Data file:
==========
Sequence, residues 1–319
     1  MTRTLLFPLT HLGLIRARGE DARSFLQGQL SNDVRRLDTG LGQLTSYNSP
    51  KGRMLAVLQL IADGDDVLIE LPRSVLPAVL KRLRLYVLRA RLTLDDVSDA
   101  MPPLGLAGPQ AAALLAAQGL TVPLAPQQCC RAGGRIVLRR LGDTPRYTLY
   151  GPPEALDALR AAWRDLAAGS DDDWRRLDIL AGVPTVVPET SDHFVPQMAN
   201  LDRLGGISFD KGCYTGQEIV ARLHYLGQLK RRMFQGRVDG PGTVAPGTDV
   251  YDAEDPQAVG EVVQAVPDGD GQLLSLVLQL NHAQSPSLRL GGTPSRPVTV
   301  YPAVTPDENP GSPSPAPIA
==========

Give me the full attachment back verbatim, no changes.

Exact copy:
Sequence, residues 1–319
     1  MTRTLLFPLT HLGLIRARGE DARSFLQGQL SNDVRRLDTG LGQLTSYNSP
    51  KGRMLAVLQL IADGDDVLIE LPRSVLPAVL KRLRLYVLRA RLTLDDVSDA
   101  MPPLGLAGPQ AAALLAAQGL TVPLAPQQCC RAGGRIVLRR LGDTPRYTLY
   151  GPPEALDALR AAWRDLAAGS DDDWRRLDIL AGVPTVVPET SDHFVPQMAN
   201  LDRLGGISFD KGCYTGQEIV ARLHYLGQLK RRMFQGRVDG PGTVAPGTDV
   251  YDAEDPQAVG EVVQAVPDGD GQLLSLVLQL NHAQSPSLRL GGTPSRPVTV
   301  YPAVTPDENP GSPSPAPIA